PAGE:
months), coincides with the diminution of
the circulating maternal humoral immunity
conferred via the placenta, and the estab-
lishment of the child’s own humoral immu-
nity: most children of this age being rela-
tively susceptible to a myriad of relatively
minor infections.
Furthermore, the study reported by King
et al. (1992)
17
explored the possibility that
certain teething symptoms (fever, irritabili-
ty and eating disturbance) result from an
undiagnosed primary herpetic infection,
finding that 9 out of 20 infants reported to
be ‘teething’ by one of their parents pro-
duced an oral swab positive for herpes sim-
plex virus (HSV). Seven had an elevated
temperature, demonstrated signs of an
intraoral infection, and had general symp-
toms indicative of primary herpetic gin-
givostomatitis. Interestingly, none of the 11
HSV negative subjects demonstrated signs
of an oral herpetic infection, although five
had elevated temperatures.
An undiagnosed concurrent primary
herpetic infection could be responsible for
the symptoms of fever, irritability and
appetite loss, and that the formation of a gin-
gival crevice around a newly erupting tooth
could act as a portal of entry for herpes
viruses.
3
This ‘portal of entry’ theory cannot
explain the occurrence of these symptoms in
advance of that tooth’s emergence into the
oral cavity.
The symptoms of elevated temperature
and facial rash could be explainable by
infection with the Human Herpes Virus 6
(HHV-6) agent, which is ubiquitous among
infants of teething age.
3
Despite the fact that there is disagree-
ment as to which of the signs and symp-
toms in Table 1 are actually causally relat-
ed to teething
1
and that several of these
features can be explained by alternative
non-teething aetiologies, many parents
will testify that their children are teething.
This is because of the transient nature and
close temporal relationship of the features
of teething to the pre-, peri-, and post-
eruptive period of individual teeth; Mack-
nin et al. (2000)
1
finding that teething was
associated with an 8 day window: 4 days
before, the day of, and 3 days after emer-
gence of the tooth. There is, however, con-
siderable variability between and within
individuals as to the presence and severity
of any symptoms and signs of teething,
and that the symptomatology cannot pre-
dict the emergence of tooth.
1
Pain
Pain is reported as a common feature of
teething by parents. It is known that the
tooth does not actively contribute to erup-
tion and that the dental follicle is a rich
source of eicosanoids, cytokines and
growth factors,
27
which could result in a
localised inflammatory response, leading
to pain. Anecdotally, lay people state that
the symptoms of the teething process, in
the absence of any visible imminent teeth
are caused by ‘the tooth coming through
the bone’. There is no evidence to support
this proposal, and indeed, it is far more
plausible that the aetiology of the teething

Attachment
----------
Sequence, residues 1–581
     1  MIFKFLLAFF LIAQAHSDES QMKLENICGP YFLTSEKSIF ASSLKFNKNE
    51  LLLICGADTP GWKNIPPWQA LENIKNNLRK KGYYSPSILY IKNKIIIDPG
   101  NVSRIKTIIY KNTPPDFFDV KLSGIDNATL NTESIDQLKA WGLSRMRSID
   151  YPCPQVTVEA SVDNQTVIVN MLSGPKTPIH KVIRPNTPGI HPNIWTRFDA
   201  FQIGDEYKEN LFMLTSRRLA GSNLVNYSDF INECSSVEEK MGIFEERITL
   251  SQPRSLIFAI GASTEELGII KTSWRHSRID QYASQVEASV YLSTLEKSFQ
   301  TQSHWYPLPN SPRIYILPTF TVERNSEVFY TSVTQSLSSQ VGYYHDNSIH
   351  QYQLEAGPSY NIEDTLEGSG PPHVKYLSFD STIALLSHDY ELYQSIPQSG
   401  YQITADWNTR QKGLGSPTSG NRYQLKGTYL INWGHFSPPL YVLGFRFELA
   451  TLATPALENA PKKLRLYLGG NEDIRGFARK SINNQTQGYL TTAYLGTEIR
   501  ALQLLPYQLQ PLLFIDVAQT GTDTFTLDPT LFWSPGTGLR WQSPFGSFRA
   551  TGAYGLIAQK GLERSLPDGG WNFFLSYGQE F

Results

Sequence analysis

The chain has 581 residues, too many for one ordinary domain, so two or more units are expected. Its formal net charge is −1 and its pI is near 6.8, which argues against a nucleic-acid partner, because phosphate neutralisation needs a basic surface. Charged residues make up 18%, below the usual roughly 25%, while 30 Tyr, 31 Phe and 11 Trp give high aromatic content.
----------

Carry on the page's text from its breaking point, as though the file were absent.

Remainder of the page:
symptoms in this situation are caused by
one of the many childhood illnesses.
MANAGEMENT OF TEETHING
The majority of investigations of ‘teething’
have sought to confirm the presence or
absence of associated features. Compara-
Table 2 Management of teething
Teething rings (chilled)
Hard sugar-free teething rusks/bread-sticks/oven-hardened bread
Cucumber (peeled)
Frozen items (anything from ice cubes to frozen bagels, frozen banana, sliced fruit,
pretzels, vegetables!)
Pacifier (even frozen)
Rub gums with clean finger, cool spoon, wet gauze
Reassurance
Analgesic/antipyretics (see Table 3)
Topical anaesthetic agents (see Table 3)
Alternative holistic medicine
Table 3 Teething medicaments
Local anaesthetics Dentinox Teething Gel® (DDD, Watford), Calgel® (Warner Wellcome, Eastleigh) Lignocaine hydrochloride 0.33%, cetylpyridinium chloride 0.1%
Rinstead Teething Gel® (Schering-Plough, Welwyn Garden City) Lignocaine hydrochloride 0.5%, cetylpyridinium chloride 0.1%
Woodward’s Teething Gel® (LRC, London) Lignocaine 0.5%, cetylpyridinium chloride 0.025%, ethanol 30%
Anbesol Teething Gel® (Whitehall laboratories Ltd, Maidenhead) Lignocaine hydrochloride 0.9%, chlorocresol 0.1%, cetylpyridinium
chloride 0.02%
Minor analgesics Choline Salicylate Dental Gel BP, Choline salicylate 8.7%, cetalkonium chloride 0.01%
Bonjela® (Reckitt & Colman Ltd, Kingston upon Hull),
Teejel® (Seton healthcare, Oldham)
Paracetamol Paracetamol Oral Suspension Paracetamol 120mg/5ml
based preparations Infadrops® (Goldshield Pharmaceuticals Ltd, Croydon) Paracetamol 100mg/1ml
Calpol Infant (sugar-free available)® (Glaxo Wellcome, Middlesex) Paracetamol 120mg/5ml
Disprol infant suspension® (Reckitt & Colman, Kingston upon Hull) Paracetamol 120mg/5ml
Panadol Baby and Infant Suspension® Paracetamol 120mg/5ml
(Smithkline Beecham plc, Welwyn Garden City)
Medinol Under 6® (SSL International plc, Knutsford) Paracetamol 120mg/5ml
Medised® (Martindale Pharmaceuticals Ltd, Romford) Paracetamol 120mg, promethazine 1.5mg/5ml